Inferences

The Court found that Tinkerbell had erroneously based its arguments on inference on principles that apply to an appellate Court’s review of a lower Court’s decision in civil proceedings, as opposed to administrative law principles that apply to a review of an administrative body like the Panel.

The relevant administrative law principle is that as long as the particular inference is reasonably open to the administrative body, then even if that inference appears to have been drawn from illogical reasoning, there is no place for judicial review because there is no error of law.

At any rate, the Court found there was sufficient material to draw the relevant inferences.

No oral hearing

The legislation establishing the Panel makes it clear that the Panel is to conduct proceedings informally and not necessarily on the basis of an oral hearing. This is consistent with general administrative law principles. The Court found that this, along with the repeated attempts of the Panel to get further evidence from the relevant people, meant there was no denial of natural justice.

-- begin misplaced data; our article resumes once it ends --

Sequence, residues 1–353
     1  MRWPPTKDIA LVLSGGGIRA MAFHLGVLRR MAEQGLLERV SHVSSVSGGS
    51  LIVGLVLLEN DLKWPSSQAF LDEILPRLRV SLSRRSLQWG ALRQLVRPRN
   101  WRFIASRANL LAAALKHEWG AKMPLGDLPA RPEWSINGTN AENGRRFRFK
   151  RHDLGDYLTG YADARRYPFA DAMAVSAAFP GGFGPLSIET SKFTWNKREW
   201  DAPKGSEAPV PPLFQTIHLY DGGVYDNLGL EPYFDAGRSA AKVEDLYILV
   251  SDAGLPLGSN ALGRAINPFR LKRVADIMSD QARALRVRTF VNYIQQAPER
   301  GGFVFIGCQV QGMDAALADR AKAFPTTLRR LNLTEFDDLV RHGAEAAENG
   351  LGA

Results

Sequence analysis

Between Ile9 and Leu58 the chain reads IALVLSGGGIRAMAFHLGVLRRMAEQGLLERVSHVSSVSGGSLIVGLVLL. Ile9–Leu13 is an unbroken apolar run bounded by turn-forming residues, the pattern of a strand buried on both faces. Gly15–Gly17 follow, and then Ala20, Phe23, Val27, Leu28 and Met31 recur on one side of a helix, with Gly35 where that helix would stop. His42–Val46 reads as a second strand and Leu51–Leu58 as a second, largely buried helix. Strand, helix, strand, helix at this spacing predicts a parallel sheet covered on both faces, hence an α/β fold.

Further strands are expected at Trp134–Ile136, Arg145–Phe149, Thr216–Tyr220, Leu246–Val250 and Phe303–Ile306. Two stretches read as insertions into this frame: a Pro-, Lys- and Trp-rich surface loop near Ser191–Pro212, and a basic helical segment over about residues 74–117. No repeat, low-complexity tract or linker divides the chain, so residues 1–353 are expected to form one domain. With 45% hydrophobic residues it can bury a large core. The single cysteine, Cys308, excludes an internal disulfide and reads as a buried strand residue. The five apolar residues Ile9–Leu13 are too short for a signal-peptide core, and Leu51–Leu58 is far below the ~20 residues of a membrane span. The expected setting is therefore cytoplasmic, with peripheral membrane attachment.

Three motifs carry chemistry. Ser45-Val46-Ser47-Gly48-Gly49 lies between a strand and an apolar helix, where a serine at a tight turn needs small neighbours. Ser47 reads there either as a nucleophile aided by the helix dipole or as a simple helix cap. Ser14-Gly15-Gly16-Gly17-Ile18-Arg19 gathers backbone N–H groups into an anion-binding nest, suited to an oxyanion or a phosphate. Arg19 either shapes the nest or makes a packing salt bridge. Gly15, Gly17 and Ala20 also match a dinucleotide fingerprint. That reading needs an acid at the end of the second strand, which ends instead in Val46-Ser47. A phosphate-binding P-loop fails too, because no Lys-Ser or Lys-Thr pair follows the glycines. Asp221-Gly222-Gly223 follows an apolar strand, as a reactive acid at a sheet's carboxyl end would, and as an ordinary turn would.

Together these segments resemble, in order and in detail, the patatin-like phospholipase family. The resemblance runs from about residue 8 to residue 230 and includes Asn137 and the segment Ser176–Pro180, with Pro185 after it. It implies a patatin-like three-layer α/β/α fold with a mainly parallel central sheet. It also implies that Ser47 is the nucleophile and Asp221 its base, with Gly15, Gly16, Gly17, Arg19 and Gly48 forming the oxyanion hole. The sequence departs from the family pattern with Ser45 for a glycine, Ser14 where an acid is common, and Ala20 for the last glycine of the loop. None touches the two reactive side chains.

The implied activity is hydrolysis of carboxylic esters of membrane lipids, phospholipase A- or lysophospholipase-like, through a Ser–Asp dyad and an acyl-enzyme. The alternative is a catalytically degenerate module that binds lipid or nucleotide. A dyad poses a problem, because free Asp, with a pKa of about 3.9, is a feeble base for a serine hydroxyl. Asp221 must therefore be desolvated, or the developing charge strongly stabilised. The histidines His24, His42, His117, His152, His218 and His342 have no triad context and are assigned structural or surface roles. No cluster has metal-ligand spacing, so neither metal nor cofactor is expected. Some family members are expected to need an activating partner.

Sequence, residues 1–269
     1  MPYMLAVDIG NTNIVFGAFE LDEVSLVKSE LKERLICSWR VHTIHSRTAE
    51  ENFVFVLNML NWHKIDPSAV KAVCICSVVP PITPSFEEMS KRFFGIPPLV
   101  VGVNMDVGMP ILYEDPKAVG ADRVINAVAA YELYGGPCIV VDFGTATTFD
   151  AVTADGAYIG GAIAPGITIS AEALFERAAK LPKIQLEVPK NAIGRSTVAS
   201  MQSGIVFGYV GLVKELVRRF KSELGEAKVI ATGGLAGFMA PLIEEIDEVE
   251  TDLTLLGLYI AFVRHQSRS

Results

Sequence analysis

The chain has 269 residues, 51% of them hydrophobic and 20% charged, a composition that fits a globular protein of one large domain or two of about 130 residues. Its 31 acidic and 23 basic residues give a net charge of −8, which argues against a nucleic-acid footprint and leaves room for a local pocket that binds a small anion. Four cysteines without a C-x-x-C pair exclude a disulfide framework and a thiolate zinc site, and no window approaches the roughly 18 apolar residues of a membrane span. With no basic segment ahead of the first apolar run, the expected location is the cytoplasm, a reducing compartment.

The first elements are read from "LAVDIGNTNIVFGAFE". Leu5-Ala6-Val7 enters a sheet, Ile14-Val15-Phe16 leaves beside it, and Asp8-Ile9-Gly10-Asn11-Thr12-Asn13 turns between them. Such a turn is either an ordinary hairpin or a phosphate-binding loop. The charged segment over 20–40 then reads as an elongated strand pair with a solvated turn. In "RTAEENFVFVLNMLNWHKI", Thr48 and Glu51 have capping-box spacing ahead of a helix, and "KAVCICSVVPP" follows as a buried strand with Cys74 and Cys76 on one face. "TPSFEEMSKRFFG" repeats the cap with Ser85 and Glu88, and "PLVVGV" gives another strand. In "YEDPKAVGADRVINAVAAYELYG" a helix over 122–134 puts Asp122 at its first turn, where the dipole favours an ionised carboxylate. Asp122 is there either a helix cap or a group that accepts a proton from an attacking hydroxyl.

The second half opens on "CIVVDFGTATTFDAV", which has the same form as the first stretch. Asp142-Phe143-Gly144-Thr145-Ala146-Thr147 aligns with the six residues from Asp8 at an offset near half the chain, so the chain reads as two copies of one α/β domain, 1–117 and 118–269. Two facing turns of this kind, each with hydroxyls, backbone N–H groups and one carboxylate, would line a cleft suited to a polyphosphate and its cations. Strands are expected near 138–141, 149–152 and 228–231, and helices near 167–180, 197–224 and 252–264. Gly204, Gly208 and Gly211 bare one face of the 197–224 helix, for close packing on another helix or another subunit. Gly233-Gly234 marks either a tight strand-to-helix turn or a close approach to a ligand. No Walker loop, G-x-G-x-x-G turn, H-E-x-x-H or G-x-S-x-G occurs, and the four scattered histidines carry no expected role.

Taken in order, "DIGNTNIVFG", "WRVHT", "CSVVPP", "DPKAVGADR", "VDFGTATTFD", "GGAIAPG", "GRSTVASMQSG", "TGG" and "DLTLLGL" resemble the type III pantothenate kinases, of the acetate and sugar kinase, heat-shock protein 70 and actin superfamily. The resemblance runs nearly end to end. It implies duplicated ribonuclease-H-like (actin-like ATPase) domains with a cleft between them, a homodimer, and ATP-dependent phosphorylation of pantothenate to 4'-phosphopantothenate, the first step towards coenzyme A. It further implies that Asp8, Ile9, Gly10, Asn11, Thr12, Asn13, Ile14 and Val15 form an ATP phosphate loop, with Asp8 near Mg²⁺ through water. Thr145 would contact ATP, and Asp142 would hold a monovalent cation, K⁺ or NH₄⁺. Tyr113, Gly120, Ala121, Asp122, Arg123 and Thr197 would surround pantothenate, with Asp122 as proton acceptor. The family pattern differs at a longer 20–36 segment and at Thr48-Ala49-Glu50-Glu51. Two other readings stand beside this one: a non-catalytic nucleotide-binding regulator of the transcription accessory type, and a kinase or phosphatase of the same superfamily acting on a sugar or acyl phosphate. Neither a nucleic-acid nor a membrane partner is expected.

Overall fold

The fact that both Tinkerbell and Raymond Catelan had indicated to the Panel that they were satisfied that matters could be dealt with by submission only was also mentioned.

No use of experience

In short measure, the Court dismissed any suggestion that Panel members ought not draw on their experience. Clearly, that is the very function Parliament intended Panel members to play. The Court noted:

“To accept the applicant’s submission that the Panel should not be [entitled to draw on their skill knowledge and experience] would be to strip the Panel in large part of its effectiveness as a specialist body established to resolve takeover disputes, as mandated by the legislation.”

The President’s Club